Africa and the Changing US Security Priorities

It is on. The much-publicized US Administration’s new security focus to counter the growing influence of China and Russia is being implemented. And it is going to affect the American troop deployment in Africa.

In February, in the Munich Security Conference in Germany, Commander of the United States Africa Command (AFRICOM), General Thomas D. Waldhauser, announced that the US plans to reduce its troop and military-affiliated civilian deployment in Africa by 10% in the course of next three years. This would reduce the US military presence in Africa to approximate 5,400 men and women according to public figures.

This has come as news to many, although the US military’s plans for a partialpullout of its Africa contingent has been in the media at least since the second part of 2018. The idea of reducing the military presence on the ground gained momentum particularly after the death of US soldiers in Niger and Somalia in the course of 2017 and 2018. Especially in Central and West Africa,the rather ambitious plan is that the local security forces, trained by the US special operations specialists, will be able to keep Islamist insurgents at bay, which should allow the moving of hundreds of US troops elsewhere to counter China and Russia.In 2018, the idea that had already been flashed was that reassigning and diminishing special operations would allow redeployment of the troops in “high priority” strategic locations. These locations would be those considered as crucial for confronting the Chinese and Russian threat to US interests.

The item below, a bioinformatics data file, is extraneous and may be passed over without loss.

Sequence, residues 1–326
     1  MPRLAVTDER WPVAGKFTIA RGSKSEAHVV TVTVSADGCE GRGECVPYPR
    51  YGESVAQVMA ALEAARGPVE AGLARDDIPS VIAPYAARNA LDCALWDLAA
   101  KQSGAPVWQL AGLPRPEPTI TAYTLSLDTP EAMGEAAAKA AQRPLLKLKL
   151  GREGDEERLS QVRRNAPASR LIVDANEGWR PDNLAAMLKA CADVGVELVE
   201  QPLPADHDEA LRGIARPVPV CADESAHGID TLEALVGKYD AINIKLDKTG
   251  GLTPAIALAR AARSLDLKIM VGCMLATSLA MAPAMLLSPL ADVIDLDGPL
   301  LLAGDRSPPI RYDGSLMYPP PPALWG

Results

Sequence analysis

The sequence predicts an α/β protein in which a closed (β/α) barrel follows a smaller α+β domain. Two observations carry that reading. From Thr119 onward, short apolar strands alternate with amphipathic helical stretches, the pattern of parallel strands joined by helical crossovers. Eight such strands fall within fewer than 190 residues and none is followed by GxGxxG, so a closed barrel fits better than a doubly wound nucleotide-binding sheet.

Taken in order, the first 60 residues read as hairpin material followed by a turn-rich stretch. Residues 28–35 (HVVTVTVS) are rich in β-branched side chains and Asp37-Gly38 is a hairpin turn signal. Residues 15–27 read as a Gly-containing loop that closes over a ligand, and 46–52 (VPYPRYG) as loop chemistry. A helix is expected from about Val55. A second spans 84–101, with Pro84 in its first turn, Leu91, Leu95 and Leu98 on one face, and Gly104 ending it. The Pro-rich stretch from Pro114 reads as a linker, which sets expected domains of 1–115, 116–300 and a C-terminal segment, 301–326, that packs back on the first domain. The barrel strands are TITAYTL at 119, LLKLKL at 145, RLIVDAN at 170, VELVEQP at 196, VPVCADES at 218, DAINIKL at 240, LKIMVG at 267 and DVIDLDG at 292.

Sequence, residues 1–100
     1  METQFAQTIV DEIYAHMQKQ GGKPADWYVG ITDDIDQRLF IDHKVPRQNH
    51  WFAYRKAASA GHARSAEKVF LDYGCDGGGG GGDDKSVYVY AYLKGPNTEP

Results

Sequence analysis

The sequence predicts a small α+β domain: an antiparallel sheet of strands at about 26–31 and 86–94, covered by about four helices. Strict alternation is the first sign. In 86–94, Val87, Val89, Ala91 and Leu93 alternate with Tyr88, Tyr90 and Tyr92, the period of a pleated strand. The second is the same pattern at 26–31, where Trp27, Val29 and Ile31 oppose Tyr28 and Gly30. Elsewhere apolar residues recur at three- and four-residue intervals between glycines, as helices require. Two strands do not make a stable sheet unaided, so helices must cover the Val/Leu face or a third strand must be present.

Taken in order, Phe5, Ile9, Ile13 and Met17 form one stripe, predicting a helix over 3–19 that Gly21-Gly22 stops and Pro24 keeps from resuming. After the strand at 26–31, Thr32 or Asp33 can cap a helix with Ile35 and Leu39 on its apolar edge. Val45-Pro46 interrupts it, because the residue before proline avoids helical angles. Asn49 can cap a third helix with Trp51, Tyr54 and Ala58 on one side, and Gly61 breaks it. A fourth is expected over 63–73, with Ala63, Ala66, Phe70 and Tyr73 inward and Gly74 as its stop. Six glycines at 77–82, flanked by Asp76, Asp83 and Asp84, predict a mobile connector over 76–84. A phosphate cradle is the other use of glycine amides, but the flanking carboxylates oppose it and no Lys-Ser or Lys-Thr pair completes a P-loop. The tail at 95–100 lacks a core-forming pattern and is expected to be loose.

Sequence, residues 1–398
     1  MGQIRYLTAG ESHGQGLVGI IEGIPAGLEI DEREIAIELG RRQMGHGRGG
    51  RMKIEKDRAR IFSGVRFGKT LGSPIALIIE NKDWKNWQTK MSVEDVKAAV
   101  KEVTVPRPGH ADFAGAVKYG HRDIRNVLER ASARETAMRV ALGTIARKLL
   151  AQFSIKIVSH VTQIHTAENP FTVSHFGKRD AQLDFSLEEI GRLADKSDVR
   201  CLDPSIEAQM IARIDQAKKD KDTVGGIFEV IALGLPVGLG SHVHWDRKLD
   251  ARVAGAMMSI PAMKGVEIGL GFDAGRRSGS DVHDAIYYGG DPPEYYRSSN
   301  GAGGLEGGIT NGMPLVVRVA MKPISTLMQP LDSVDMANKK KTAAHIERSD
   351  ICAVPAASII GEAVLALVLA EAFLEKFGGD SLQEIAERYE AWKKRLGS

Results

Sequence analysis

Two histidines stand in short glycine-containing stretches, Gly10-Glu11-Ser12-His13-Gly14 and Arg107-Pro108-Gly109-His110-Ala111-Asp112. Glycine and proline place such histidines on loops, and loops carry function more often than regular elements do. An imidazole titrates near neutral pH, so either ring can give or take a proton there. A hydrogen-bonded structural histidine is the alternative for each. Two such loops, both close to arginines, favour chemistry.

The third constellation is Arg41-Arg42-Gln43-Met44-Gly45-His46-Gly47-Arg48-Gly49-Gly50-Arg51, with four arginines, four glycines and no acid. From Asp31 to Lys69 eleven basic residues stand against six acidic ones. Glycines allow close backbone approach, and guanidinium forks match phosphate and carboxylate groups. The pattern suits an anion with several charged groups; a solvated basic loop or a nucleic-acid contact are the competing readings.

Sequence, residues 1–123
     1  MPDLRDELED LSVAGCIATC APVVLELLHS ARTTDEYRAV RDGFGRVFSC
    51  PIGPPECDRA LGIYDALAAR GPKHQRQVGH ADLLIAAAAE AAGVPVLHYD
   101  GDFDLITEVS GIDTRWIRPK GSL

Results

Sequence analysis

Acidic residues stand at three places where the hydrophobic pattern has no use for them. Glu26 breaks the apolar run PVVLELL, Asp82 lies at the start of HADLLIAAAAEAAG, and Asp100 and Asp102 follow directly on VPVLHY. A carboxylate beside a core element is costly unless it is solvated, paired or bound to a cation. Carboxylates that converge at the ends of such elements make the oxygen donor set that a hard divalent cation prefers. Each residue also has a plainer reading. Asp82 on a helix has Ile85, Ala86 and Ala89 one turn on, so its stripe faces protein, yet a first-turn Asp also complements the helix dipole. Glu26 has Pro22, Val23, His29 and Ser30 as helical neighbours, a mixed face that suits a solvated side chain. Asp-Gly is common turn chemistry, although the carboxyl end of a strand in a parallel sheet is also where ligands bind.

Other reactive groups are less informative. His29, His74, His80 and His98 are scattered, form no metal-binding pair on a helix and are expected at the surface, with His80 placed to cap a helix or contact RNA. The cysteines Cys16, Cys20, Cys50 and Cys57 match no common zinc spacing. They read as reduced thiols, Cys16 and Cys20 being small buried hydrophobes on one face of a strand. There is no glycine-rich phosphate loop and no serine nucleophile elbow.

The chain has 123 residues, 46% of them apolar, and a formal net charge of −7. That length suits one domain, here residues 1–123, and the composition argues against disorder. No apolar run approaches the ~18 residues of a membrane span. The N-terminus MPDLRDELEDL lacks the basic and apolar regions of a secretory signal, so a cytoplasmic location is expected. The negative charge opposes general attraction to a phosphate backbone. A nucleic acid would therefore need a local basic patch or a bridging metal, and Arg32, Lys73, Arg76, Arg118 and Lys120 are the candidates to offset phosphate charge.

However, this reasoning by the US strategists raises some serious questions.

First, is Africa less strategically important for the US interests, and its confrontation with China and Russia, than some other regions? And, second, are some hundreds of special operations and conventional troops, and military-affiliated civilians, able to make a more significant contribution elsewhere than in Africa in the confrontation with China or Russia?

These are questions that may be hard to answer. But the planned reassignment does send a message that American military strategists consider Africa possibly less strategically important in competition against China and Russia than certain other locations. Yet, considering the geopolitical realities, this can be seen as highly disputable. In the course of the two last decades, China has made significant inroads in Africa and arguably considers it highly strategically important for its own economic survival and advancement. China has managed to gain impressive influence among the governments in the continentand extracts resources that are vital especially for its industries. It has also gained important market access in Africa which serves as an outlet for its industrial and agricultural production and a source of important contracts for its financial and construction corporations.